From The Aegis dated June 23, 1988:
A Bel Air day care center remained embroiled in legal action 25 years ago this week, as local police executed a search and seizure warrant.
Parents of several children at the center claimed their children had been sexually abused by a man there; the case had not yet been to court and the day care was allowed by the state to stay open.
After the owner denied police entry, officers forced their way inside through a screen and exposed rolls of still film and one video cassette.
While police spent hours inside the home, 20 to 25 day care supporters stood outside.
In a county that had no public golf courses, two new ones were being proposed 25 years ago this week, albeit with several hurdles to go through.
One course for which a plan was submitted was for 142 acres in northern Harford County on Davis Road, just north of Rocks State Park.
The second was a proposal for an 18-hole course off Gilbert Road at Maxa Road in Aberdeen.
Zoning hearings were scheduled for both proposed courses.
Despite being under a water moratorium for much of the previous year, Maryland-American Water Company was selling Harford County an average of 100,000 gallons of water a day 25 years ago this week at a price of about $2.80 per 1,000 gallons.
The water was needed while a 16-inch water main break south of the town of Bel Air, over Memorial Day weekend, was repaired. Thousands of customers were without water or were experiencing low flow.
If a charter amendment was approved 25 years ago, future county executives could be banned from having second jobs while they're leading the county.
"I feel as though the county executive is just like the chief of a $115 million corporation, and that should be his only job," Councilwoman Joanne Parrott, who sponsored the amendment, said, adding she considered the county executive's position to be "grossly underpaid." Her amendment also included a clause that set the minimum salary at $65,000.
To the phrase "The County Executive shall devote full time to the duties of his office," Mrs. Parrott's proposed amendment added "and shall not participate in any private occupation for compensation."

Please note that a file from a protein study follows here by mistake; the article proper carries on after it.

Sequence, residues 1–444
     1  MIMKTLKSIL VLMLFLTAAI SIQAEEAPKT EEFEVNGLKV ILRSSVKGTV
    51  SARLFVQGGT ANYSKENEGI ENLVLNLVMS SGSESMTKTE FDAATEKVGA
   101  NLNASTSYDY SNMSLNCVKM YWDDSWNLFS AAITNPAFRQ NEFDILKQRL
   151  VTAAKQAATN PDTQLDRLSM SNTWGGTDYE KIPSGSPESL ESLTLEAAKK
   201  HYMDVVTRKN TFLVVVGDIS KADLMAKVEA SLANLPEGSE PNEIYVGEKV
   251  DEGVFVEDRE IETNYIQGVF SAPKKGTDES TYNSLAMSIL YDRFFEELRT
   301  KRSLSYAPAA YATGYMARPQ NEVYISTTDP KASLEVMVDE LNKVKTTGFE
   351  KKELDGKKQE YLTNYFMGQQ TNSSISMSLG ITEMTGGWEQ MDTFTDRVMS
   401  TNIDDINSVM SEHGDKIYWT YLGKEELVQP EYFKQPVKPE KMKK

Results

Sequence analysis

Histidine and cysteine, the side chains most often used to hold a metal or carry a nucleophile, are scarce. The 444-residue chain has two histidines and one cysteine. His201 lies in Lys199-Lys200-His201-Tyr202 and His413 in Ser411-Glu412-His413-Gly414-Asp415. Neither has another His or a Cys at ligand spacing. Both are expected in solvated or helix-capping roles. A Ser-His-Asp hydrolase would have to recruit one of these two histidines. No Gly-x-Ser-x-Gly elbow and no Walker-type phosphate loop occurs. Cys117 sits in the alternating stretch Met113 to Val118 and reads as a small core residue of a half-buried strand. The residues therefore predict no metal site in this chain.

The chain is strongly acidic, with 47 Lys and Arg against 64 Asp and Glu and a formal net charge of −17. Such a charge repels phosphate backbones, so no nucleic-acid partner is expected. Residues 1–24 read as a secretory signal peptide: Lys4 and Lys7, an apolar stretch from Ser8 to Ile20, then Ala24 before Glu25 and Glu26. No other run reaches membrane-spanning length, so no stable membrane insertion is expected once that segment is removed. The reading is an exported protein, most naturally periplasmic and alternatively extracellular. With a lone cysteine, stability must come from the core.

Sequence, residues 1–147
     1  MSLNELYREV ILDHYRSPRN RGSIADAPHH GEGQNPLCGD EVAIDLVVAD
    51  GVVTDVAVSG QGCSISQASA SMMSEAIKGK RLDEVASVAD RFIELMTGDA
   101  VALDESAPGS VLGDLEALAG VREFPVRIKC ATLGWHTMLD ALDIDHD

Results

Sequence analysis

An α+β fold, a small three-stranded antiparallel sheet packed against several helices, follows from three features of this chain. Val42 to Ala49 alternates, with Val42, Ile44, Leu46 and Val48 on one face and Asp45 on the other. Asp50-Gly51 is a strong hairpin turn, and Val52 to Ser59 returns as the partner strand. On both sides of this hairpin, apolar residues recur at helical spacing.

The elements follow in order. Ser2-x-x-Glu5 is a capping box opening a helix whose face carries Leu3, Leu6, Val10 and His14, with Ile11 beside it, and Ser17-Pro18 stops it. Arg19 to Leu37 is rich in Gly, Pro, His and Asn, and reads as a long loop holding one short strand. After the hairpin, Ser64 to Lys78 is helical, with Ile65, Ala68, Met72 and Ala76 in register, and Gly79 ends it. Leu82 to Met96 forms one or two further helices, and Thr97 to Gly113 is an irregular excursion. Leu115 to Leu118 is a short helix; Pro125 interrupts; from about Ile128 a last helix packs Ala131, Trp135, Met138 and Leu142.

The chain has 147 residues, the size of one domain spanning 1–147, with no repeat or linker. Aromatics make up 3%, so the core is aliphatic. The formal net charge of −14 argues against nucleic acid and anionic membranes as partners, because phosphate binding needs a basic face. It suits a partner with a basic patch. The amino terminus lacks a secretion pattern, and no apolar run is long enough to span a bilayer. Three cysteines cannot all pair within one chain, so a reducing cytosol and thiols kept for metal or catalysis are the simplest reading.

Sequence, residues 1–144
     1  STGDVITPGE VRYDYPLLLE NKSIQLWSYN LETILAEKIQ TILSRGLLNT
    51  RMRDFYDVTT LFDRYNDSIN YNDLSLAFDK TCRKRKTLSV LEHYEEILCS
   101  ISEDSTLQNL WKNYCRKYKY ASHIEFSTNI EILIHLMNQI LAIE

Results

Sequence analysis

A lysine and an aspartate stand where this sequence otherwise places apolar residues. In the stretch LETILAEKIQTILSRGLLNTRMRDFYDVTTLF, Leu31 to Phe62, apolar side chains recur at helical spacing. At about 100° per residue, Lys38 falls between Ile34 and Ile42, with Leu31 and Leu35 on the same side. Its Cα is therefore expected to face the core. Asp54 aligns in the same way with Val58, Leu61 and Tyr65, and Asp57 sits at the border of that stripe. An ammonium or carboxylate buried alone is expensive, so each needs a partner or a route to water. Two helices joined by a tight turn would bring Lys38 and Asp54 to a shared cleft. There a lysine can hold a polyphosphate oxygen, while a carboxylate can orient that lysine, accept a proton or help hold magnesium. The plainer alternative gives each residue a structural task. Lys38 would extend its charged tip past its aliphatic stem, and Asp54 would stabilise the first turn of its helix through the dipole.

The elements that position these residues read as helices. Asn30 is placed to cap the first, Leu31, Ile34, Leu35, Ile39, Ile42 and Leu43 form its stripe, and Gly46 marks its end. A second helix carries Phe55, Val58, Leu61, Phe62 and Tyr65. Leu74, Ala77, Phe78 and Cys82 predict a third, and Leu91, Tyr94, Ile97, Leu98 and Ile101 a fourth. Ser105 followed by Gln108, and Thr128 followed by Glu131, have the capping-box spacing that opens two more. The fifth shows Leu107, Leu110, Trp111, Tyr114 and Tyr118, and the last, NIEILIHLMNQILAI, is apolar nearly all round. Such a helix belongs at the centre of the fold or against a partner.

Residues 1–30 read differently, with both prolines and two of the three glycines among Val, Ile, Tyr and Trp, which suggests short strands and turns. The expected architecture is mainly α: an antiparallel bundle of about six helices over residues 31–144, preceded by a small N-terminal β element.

County Executive Habern Freeman had been working part-time as a physical therapist for several months, claiming he had to start his career before his term as exec was over.
Timothy Sherman, the Bel Air teen convicted of killing his parents the previous fall October, requested a new trial 25 years ago this week.
At least eight errors were alleged to have been made during the two-week trial, including a charge that "jurors committed misconduct during the trial and deliberations" and that the "Sequestration Order was violated by prosecution witnesses."
It was unknown if or when Judge Cypert O. Whitfill would grant a hearing on the motion for a new trial.
Rowdy visitors were forcing state park officials to close the Franklinville Area of Gunpowder State Park, despite pleas from nearby residents to keep it open.
The favorite swimming hole was to be off-limits through October as park officials "attempt to deal with an element that has left most nearby residents as well as authorities groping for an answer to the littering and law-breaking at the isolated spot."
Lisa and Peppi Simmeth, long-time owners of Peppi's Meats in the heart of Bel Air, sold their business 25 years ago this week to Diane and David Moser. The Mosers met while they were working at the butcher shop and then got married.
The butcher shop business had been in the Simmeth family for 288 years - 271 in Peppi Simmeth's native Bavaria and the previous 27 at the corner of Hays and Thomas streets.
"We feel it is in good hands and that's why we're so happy," Lisa Simmeth said.Copyright © 2014, The Baltimore Sun